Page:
- Kay Hagan, Senator from North Carolina.
- Robert Harrill, The Fort Fisher Hermit
- Keith E. Haynes, Maryland statesman, lawyer
- Norris Hopper, MLB player
- Hatcher Hughes, Pulitzer Prize winner
- Charlie Justice, NFL player, two-time Heisman Trophy runner-up
- Doug Limerick, ABC radio newscaster
- Patty Loveless, country music singer
- Leroy McAfee – Confederate soldier, Ku Klux Klan organizer, and member of the North Carolina House of Representatives (1870–73).
- Manteo Mitchell, Olympic Silver Medalist, World Champion, US Champion, International Icon in Track & Field
- Scottie Montgomery, NFL wide receiver, Oakland Raiders, Arena Football League player
- Tim Moore (North Carolina politician), member of the General Assembly since 2003 and elected Speaker of the North Carolina State House in 2015, has lived in the county since 1997 and has his law practice there.
- Travis Padgett, Olympic athlete in track and field
- Floyd Patterson, heavyweight boxing champion, Boxing Hall Of Fame inductee
- Rodney Allen Rippy, former child actor
- Earl Scruggs, banjo player and composer, included on Hollywood Walk of Fame
- Isaac Shelby, soldier, governor
- Charlotte Smith, WNBA basketball player
- Brandon Spikes, professional football linebacker
- Billy Standridge, NASCAR driver
- Tim Steele, 3-time ARCA champion, NASCAR driver
- David Thompson, Hall of Fame college and professional basketball player
- Cliff Washburn, NFL offensive tackle, Houston Texans
- Tim Wilkison, tennis player
- Tom Wright, MLB player.
- Jonathan Bullard, NFL DE, Chicago Bears. Former Crest High School and the University of Florida football great.
- "State & County QuickFacts". United States Census Bureau. Retrieved October 18, 2013.
- "Find a County". National Association of Counties. Archived from the original on 2011-05-31. Retrieved 2011-06-07.
- "Cleaveland County, North Carolina" Archived 2012-07-19 at Archive.today, Mousely.com, Retrieved 2010-12-30.
- "2010 Census Gazetteer Files". United States Census Bureau. August 22, 2012. Archived from the original on January 12, 2015. Retrieved January 13, 2015.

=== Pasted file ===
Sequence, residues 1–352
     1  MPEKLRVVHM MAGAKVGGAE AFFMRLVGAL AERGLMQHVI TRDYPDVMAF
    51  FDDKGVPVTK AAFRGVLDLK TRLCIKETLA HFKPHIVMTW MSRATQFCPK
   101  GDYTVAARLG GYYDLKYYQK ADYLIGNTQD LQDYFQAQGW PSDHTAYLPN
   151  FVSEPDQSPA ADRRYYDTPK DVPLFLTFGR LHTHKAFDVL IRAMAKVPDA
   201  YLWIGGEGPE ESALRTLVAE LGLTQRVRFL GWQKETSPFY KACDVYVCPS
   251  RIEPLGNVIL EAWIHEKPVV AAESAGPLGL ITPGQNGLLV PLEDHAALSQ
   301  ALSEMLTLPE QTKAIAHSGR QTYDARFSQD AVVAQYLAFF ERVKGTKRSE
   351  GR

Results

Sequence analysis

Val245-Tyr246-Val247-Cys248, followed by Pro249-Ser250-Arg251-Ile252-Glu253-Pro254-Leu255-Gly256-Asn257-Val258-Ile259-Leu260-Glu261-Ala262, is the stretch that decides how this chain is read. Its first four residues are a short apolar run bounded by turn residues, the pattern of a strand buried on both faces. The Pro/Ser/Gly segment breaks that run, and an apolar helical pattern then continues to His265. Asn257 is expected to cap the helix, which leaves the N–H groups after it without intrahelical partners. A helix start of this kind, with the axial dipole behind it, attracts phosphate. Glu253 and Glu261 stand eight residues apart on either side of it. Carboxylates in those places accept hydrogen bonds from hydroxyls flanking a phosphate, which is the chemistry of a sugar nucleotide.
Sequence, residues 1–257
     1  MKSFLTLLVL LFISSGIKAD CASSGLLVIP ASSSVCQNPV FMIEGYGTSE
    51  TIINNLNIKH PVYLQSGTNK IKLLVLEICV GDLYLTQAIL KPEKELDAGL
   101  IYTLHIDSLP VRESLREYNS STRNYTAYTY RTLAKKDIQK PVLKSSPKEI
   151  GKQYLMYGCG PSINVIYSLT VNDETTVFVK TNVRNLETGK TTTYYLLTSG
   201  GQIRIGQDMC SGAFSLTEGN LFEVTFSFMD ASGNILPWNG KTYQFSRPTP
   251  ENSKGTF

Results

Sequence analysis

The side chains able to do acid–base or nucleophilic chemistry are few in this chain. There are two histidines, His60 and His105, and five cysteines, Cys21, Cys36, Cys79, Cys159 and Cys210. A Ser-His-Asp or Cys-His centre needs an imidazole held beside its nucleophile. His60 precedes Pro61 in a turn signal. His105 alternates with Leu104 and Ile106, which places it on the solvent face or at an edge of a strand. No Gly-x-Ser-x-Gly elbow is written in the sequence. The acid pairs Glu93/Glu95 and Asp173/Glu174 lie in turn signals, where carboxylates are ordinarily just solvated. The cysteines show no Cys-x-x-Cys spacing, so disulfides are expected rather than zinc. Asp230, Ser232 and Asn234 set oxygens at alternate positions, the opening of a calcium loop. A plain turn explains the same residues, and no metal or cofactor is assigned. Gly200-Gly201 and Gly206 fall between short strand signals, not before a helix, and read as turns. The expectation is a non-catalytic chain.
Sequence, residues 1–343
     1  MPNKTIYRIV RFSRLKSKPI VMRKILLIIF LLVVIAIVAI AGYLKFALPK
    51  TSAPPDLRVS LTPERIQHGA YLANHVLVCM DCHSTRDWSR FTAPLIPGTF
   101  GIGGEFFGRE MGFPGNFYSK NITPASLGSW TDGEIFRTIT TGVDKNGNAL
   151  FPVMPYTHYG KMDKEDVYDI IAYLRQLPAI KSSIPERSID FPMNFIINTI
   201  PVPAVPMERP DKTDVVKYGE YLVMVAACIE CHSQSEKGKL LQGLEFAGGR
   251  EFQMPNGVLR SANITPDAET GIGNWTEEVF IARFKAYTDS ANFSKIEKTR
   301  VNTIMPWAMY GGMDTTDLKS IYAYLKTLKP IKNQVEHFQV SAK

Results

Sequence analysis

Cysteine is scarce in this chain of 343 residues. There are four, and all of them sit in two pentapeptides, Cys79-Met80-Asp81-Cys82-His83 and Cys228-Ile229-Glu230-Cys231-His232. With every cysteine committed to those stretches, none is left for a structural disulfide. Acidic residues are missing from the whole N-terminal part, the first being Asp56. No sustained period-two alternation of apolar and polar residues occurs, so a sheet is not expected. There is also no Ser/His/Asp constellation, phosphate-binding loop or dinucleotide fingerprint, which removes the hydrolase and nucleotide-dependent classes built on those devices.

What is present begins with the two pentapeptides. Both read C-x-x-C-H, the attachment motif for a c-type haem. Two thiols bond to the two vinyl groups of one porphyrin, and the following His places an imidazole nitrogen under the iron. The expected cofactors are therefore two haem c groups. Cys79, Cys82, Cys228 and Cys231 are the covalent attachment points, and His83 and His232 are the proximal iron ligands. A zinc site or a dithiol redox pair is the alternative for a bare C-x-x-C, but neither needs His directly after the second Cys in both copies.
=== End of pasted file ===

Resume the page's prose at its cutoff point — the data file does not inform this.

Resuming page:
- "Population and Housing Unit Estimates". Retrieved July 22, 2019.
- "U.S. Decennial Census". United States Census Bureau. Archived from the original on April 26, 2015. Retrieved January 13, 2015.
- "Historical Census Browser". University of Virginia Library. Retrieved January 13, 2015.
- Forstall, Richard L., ed. (March 27, 1995). "Population of Counties by Decennial Census: 1900 to 1990". United States Census Bureau. Retrieved January 13, 2015.
- "Census 2000 PHC-T-4. Ranking Tables for Counties: 1990 and 2000" (PDF). United States Census Bureau. April 2, 2001. Retrieved January 13, 2015.
- "American FactFinder". United States Census Bureau. Archived from the original on 2013-09-11. Retrieved 2008-01-31.
- Leip, David. "Dave Leip's Atlas of U.S. Presidential Elections". uselectionatlas.org. Retrieved 2018-03-15.
- Isothermal Planning and Development Commission (regional council) Archived 2014-07-07 at Archive.today
- Isothermal Planning and Development Commission (NC Tomorrow) Archived 2014-07-14 at the Wayback Machine
- "Cleveland County Schools". NC School Report Cards. North Carolina Department of Public Instruction. Retrieved January 8, 2013.
- "Schools". Cleveland County Schools. Archived from the original on July 29, 2012. Retrieved January 8, 2013.
- "Court affirms school merger approved by the State Board of Education". University of North Carolina School of Government. Summer 2003. Archived from the original on February 23, 2013. Retrieved January 8, 2013.
- "Moore Will Head Merged Schools, Parents Await First Changes to Cleveland County School System". The Charlotte Observer. January 14, 2004. p. 2B.
- "Contact ABC". Ambassador Bible College. Retrieved September 8, 2012.
- EndPlay (2010-09-09). "'Good Morning America' Profiles Local Girl's Disappearance". WSOC. Retrieved 2018-03-15.
- Pickens, Jessica. "Cleveland County, NC, a popular spot for filming movies, TV shows". Halifax Media Group. Retrieved 30 January 2014.
- "Bill Champion's career statistics". baseball-reference.com. Retrieved 2009-03-29.
- "About Kay Hagan". United States Senate. Archived from the original on 2009-05-27. Retrieved 2009-05-12.
- "Tom Wright's career statistics". retrosheet.org. Retrieved 2008-09-08.
- Cleveland County government official website
- Cleveland County Online Taxes web site
- Cleveland Community College Official Website